Thursday, February 4, 2016

Review: Southbound

by Patrick Bromley
We're getting spoiled with horror anthologies.

As a lifelong fan of the horror anthology, it's been super rewarding to see them make such a comeback over the last 10 years. While their overall quality is about as inconsistent as the segments in most anthologies, there have been enough good ones -- or even enough good segments inside of uneven movies -- to get me really excited about their revival. From Trick 'r Treat to Chillerama, the V/H/S films to last October's Tales of Halloween, horror anthologies have come back in a big bad way and I couldn't be happier about it.

The latest anthology to join the party is Southbound, put together by many of the same filmmakers responsible for the original V/H/S The movie tells five stories, each of which bleed into one another in a way that's more Trick 'r Treat than it is Creepshow -- it works more like a continuous narrative that switches characters every 15 minutes or so. There's a unifying theme that ties all of the stories together: the characters have all made mistakes which they are either running from or which they're trying to atone. Some are more successful than others. Very few of them are.
First up is "The Way In," directed by the collective known as Radio Silence, in which two men drive through the desert covered in blood for reasons we do not know. As they make a pit stop in a town from which they appear unable to escape, something...else...comes looking for them. Their story segues directly into "Siren," directed by Roxanne Benjamin, a producer on the V/H/S series making her directing debut. An all-girl band gets stranded on the road and takes a ride with a group of people (among them comedian Dana Gould) who bring them home for dinner and turn out to be more than they seem on the surface. After that is David Bruckner's "The Accident," which finds a man (Mather Zickel) hitting one of the girls from the previous segment (Fabienne Therese, quickly becoming one of my favorites of the genre) and has to go to extremes to save her life. In Patrick Horvath's "Jailbreak," a man (David Yow) finally finds his sister after years of searching only to discover she might not be interested in a rescue. The movie wraps up with Radio Silence's "The Way Out," which catches back up with our drivers from the first segment and reveals just what it is they were doing out in the desert.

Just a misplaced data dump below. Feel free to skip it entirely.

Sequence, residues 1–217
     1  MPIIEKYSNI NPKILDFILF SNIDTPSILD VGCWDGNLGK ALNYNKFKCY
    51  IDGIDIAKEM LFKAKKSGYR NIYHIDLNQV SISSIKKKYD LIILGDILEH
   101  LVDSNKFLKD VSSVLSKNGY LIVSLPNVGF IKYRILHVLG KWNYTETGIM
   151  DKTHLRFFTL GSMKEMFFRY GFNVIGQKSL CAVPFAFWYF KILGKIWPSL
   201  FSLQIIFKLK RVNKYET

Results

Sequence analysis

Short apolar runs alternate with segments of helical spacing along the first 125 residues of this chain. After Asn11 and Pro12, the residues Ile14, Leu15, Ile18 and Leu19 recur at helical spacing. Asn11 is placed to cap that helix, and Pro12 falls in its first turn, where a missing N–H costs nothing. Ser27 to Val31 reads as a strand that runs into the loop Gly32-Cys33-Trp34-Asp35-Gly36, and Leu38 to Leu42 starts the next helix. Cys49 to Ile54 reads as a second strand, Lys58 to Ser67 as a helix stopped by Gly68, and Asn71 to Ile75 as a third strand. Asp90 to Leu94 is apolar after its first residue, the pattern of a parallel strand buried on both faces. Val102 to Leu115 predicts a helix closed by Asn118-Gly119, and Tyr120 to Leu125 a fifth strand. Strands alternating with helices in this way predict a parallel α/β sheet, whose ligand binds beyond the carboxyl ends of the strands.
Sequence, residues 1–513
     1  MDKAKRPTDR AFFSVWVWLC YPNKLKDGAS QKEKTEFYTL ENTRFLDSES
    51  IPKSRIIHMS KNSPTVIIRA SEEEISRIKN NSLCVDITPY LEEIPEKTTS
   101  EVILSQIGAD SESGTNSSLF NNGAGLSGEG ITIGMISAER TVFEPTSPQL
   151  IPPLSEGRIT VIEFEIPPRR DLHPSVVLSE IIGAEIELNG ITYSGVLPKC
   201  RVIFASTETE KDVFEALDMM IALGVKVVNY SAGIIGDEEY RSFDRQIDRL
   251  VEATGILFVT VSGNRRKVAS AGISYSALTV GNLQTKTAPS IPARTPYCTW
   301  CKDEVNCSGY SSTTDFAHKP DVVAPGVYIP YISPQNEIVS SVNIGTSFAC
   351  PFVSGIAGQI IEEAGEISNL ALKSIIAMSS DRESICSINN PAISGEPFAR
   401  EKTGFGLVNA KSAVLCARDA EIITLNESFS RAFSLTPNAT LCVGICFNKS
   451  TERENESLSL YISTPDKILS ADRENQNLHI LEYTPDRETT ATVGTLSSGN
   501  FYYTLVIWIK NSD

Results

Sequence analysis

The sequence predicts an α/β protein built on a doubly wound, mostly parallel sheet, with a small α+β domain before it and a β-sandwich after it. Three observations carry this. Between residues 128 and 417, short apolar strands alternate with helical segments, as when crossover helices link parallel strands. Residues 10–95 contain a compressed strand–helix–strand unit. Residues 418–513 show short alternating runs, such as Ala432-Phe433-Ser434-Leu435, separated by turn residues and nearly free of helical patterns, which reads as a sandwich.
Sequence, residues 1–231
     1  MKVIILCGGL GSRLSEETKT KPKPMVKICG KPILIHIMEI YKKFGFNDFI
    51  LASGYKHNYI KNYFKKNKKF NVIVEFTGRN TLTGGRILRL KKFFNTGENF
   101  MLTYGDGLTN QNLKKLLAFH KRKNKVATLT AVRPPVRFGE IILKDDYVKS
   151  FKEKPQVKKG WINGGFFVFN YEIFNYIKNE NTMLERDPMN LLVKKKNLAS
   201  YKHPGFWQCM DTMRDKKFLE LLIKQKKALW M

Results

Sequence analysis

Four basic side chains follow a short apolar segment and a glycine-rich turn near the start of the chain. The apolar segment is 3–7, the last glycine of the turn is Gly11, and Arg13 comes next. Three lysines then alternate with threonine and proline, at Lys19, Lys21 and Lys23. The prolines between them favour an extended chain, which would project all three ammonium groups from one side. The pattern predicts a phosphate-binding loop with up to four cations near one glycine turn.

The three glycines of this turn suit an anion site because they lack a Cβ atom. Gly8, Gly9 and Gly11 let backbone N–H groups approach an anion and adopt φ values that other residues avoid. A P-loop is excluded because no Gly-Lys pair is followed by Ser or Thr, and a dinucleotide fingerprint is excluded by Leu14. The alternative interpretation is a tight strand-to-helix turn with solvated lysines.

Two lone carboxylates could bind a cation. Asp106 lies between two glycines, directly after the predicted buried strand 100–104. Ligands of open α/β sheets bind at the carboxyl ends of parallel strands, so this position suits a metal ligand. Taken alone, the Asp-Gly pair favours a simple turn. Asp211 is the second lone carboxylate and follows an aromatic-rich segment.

The approach that the filmmakers take with Southbound -- from the writing stage through the execution -- helps to stave off a lot of the disparity that plagues a lot of horror anthologies. There aren't any segments that feel like they belong in different movies, which is no feat to accomplish when multiple filmmakers are collaborating on one anthology. There's a consistency to the tone and the execution that again makes it feel like one unfolding story that takes a number of different paths instead of something with a bunch of stops and starts. Great care has clearly been taken in the construction of the movie, and it's very impressive as anthologies go.